Things change.

Advertisements

Conference De-Alignment–Part I of II

We may be at a point where there is a several-year “cease fire” with respect to conference realignment.  The leading blog on conference realignment, Frank the Tank, certainly thinks that it plausible.  With all conferences other than the SEC signing Grant of Rights agreements, there is solidarity across the major conferences.  The cost of adding schools will simply be too great to justify a return on investment.  One question that must be posed, however, is whether we will see conference “de-alignment,” that is–a conference parting ways with a parasitic school.  It has happened only once in recent years–with the Big East and Temple.  Will it happen again?  With revenue such a central part of the conference alignment reality, the Confidential thinks it is inevitable.  Part I will discuss the conference landscape.  Part II will look at the targets for de-alignment.

Part I: The Conference Landscape

First, we need to revisit what has transpired in the past few years.  We have had numerous schools switching allegiance, ostensibly to secure their financial future.  The commentariat over in Big 10 country will tell you that the Big 10 is looking at per school distributions of $40M in the next several years.  Whether that is accurate is anybody’s guess.  But what IS clear is that nobody was talking TV revenue when considering expansion before Frank the Tank clarified just how important than criteria was.  And, while the Big 10 ended up taking Nebraska, they also took Rutgers and Maryland because of the impact on television dollars.  With Big 10 schools currently making $25M a year, it was plausible that these schools could still increase the per-school distributions.

Second, as the TV revenue increases, the value a new school needs to add in order to justify expansion also increases.  See discussion of Texas and the Grant of Rights.  At some point, further expansion may be blocked simply because there are no longer any schools that can cause an increase.  As an example, if we assume that the Big 10 will get to a point where it is distributing $40M in revenue to each of its 14 schools, that will mean overall revenue of $560M.  In order to justify going to 16 schools and not losing money in the process, the two new schools would have to each contribute $40M per year, right?  If the two new schools contributed $30M per year, that would mean a net TV revenue of $620M, or per school distributions of $38.75M.  That does not make sense.  To be sure, the Big 10 appears to be using phased in distribution of TV revenue to help balance that out.  For a school desperate to get to the Big 10 due to concern about a present conference, like Nebraska or Rutgers, that works out.  But the Big 10 is gambling that all added schools will ultimately at least pay for themselves.  Otherwise, they will drag down the per-school revenue distributions once they are entitled to that equal share.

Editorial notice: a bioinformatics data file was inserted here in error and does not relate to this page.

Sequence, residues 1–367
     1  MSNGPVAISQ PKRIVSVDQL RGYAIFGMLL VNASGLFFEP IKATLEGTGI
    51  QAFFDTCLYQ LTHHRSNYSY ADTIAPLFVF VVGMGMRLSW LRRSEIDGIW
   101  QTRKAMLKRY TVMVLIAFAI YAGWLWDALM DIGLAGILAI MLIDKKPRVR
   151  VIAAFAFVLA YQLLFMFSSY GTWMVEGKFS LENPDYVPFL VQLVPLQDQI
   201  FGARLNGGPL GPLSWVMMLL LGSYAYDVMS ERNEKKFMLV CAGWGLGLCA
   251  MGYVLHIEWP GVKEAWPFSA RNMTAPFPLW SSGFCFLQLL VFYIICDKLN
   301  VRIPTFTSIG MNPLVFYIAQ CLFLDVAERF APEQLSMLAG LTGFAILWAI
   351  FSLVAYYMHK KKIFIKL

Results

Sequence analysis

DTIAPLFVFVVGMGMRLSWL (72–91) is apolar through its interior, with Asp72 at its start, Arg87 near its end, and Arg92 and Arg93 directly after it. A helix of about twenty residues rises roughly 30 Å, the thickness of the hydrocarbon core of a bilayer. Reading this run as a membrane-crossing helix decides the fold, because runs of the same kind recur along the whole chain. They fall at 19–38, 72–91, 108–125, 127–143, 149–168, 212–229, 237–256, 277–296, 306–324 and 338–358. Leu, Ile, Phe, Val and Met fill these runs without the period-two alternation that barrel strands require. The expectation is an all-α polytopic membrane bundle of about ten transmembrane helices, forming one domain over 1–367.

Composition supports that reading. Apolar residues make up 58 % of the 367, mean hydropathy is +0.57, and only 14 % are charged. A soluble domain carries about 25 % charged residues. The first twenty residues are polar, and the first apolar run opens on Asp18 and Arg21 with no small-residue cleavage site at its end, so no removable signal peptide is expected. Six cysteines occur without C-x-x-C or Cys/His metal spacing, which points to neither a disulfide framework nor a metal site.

Of course, the ultimate goal is to add members that will actually increase the per-school distributions using an equal share distribution philosophy.  And here is where the math gets crazy.  To actually cause an increased distribution such that all 16 schools could see a 10% increase–i.e. get to $44M apiece–the two new schools in a $40M/year per school distribution model would actually have to contribute $72M per year.  That would increase the TV revenue to the $704M necessary to get to $44M per 16 schools.  The question that begs is what schools can add $72M per year?  Texas?  Notre Dame?  Florida?

This does not just apply to the Big 10.  Take the Big XII at 10 teams.  With $24M in distributions annually, to get to 12 teams and not lose money requires that each of those teams add at least $24M.  The Big XII currently does not see any schools out there that are available and can do that.  Otherwise, they would make the move, right?  And the Big XII being at 10 teams means that a jump to 12 teams would add a lucrative conference championship game, perhaps more than $1M per team.  So it can take a school that simply can earn at par with the rest of the schools and generate a revenue increase for the rest.

Maybe it is an over-simplification, but it appears that the more success a conference has financially, the harder it will be to justify adding new schools.  The odds of these schools contributing enough goes down.  It is just easier to find value-adding schools when making $25M per school than it is when you are at $40M per school.

Third, as it becomes harder to find schools that add value, the inevitable result will be that conferences begin to look inward to those schools that are not contributing to the current distribution.  Take the Big 10.  Will there ever be a point in the future of the Big 10 where Purdue will be contributing to the Big 10 more than it receives?  If the Big 10 is at a $40M per year payout per school some day, will that be despite Purdue or because of it?  With Indiana already contributing the “Indiana market,” a compelling argument will be made that a school like Purdue is taking more than it receives and always will.  At $40M per year, that subsidy from Ohio State and Michigan will be even greater.  Stated otherwise, if Purdue decided to leave to the Big 10, would the per-school payouts actually increase?  Somewhere between perhaps and probably.

Will there be a point where the only way a lucrative conference can increase its per-school payouts will be to jettison those schools that are taking significantly more than they are receiving?  Given what we have seen in the past few years, one can only suspect that the resentment of revenue-parasitic schools will increase.  Tradition will delay the discussion until the numbers are meaningful and significant, but the discussion is inevitable.  As TV revenue grows, the Confidential thinks that we may see de-alignment in the future–conferences getting rid of schools that underperform financially.

Post Navigation

%d bloggers like this: